Sometimes you just need a bigger car. Or at least a bigger namesake.
“We were the Valiants. We said, not good enough, we need to have a bigger car,” says Rod Norrie, now 76 and chuckling as he reflected on those long-ago days of his teen years.
They started out as a four-member group of “rookie” musicians who initially named themselves after the newly introduced Plymouth Valiant. They grew into what would become Nova Scotia’s most famous dance band of the day with a name more befitting their stature – the Lincolns.
From the early 1960s right through until they disbanded in 1969 the Lincolns honed their musical talents and entertainment skills as they packed dance halls weekend after weekend throughout Nova Scotia and beyond.
“They weren’t really great, great musicians but the music they played was popular music and their stage presence and their charisma, it just all sort of came together,” said Rod’s wife, Eleanor.
“They were all characters, they were all great on stage, they all had groupies and they played the really popular music of the day, R and B music,” she said. “And Frank MacKay, when he came on, really jelled the whole thing, put it all together.”
But don’t mistake Eleanor for one of those “groupies.” She lightheartedly points out she and Rod were an established couple before the Lincolns were born. But in those early, halcyon days, she did accompany the band to some of the local dances, where she would work the door taking tickets or where needed. After she and Rod were married in 1963, Eleanor and the girlfriends of the other members would gather at her house while the band played at whatever gig they were working on a given night.
Besides Rod, who played drums, the original group of Valiants/Lincolns included the musically schooled Peter Harris on keyboards, Frank Mumford, a natural “showman” who sang and played rhythm and bass guitar and Brian Chisholm, a self-taught lead guitarist who learned his craft while recovering from a broken leg.
Although Rod had reluctantly taken violin lessons – “which I just hated” – for a time, his real interest was drums. He keenly watched street drummers doing their thing and studied the moves of rock band drummers while occasionally pounding away on a set his mother had purchased for him in his mid-teens.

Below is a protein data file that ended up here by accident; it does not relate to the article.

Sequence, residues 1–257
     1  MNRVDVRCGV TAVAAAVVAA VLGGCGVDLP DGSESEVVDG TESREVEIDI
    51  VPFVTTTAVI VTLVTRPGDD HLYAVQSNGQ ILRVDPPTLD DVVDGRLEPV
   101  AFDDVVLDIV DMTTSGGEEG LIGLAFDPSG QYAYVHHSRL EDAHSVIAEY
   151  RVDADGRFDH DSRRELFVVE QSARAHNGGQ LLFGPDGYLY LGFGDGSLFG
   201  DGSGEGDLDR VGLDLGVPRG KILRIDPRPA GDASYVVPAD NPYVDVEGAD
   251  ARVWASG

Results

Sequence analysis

“And they knew I had a set of drums,” Rod said, of the other three. “So they asked me to play and we just went from there. I said I could play them a little bit, not very much. And that was true.”
From their first gig at a local high school, for which they received a whopping $30, the Valiants played at a few dance halls around Colchester County prior to that fateful living room discussion that produced the band name that would soon become known far and wide.
“And people seemed to like us. I think the personalities in the band were good and people were having a good time,” Rod said. “We’d hire a hall, Shortts Lake or Brule Beach … we’d take an ad out in the paper and charge 50 cents or 75 cents and somebody would take tickets and we’d have a dance.”
With the band and their audience having a terrific time, it wasn’t long before it became a whole culture, Eleanor added. “It was before Internet and dances were a big, big part of everybody’s lives.”
While band members changed through the years, the makeup of the group itself remained true to its origins. And what set the Lincolns apart from other groups of the day was their array of instruments – including a Hammond organ – and vocal talent they brought to the stage.
“The Lincolns had horns and an organ and the requisite guitars and percussion,” said longtime fan Danny Joseph. “They also were fronted by a man-child (Frank MacKay) who could sing like his vocal cords were bequeathed by Sam Cooke or Brook Benton or Esther Phillips or Delbert McClinton or that kid from Tupelo, Mississippi. It was music best enjoyed on those sleepy, sultry summer nights at the legion.”
Although the Lincoln’s made their debut and played their early Truro gigs in the bowling-alley-turned-basement hall below the former Ryan’s IGA on Pleasant Street, it was at the Royal Canadian Legion on Brunswick Street where they became a Friday night favourite. Weekend after weekend, for years on end, local teens and out-of-towners would pack the legion auditorium – far beyond what would today meet fire-safety standards.
“The legion was our favourite haunt here in town,” Rod says.
Recalling one dance, held between Christmas and New Year’s, Rod said he was utterly amazed at the door count.
“So we had a special one there one year and I counted the money that night in the back of the legion … there was 1,142 people in that hall. You know, you couldn’t legally put in 250 there today,” he said. “I’m not kidding you. It was just standing room only, that’s all there was.”